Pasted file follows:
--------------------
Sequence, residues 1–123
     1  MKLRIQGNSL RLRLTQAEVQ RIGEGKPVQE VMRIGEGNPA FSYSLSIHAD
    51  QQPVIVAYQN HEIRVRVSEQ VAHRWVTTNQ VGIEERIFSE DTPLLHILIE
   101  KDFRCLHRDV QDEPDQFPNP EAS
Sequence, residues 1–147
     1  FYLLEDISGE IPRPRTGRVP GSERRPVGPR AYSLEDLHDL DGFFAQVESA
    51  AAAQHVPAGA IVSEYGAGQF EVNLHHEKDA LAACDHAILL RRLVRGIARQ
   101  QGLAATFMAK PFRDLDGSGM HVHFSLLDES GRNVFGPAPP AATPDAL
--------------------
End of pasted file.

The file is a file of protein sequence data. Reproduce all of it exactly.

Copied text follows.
Sequence, residues 1–123
     1  MKLRIQGNSL RLRLTQAEVQ RIGEGKPVQE VMRIGEGNPA FSYSLSIHAD
    51  QQPVIVAYQN HEIRVRVSEQ VAHRWVTTNQ VGIEERIFSE DTPLLHILIE
   101  KDFRCLHRDV QDEPDQFPNP EAS
Sequence, residues 1–147
     1  FYLLEDISGE IPRPRTGRVP GSERRPVGPR AYSLEDLHDL DGFFAQVESA
    51  AAAQHVPAGA IVSEYGAGQF EVNLHHEKDA LAACDHAILL RRLVRGIARQ
   101  QGLAATFMAK PFRDLDGSGM HVHFSLLDES GRNVFGPAPP AATPDAL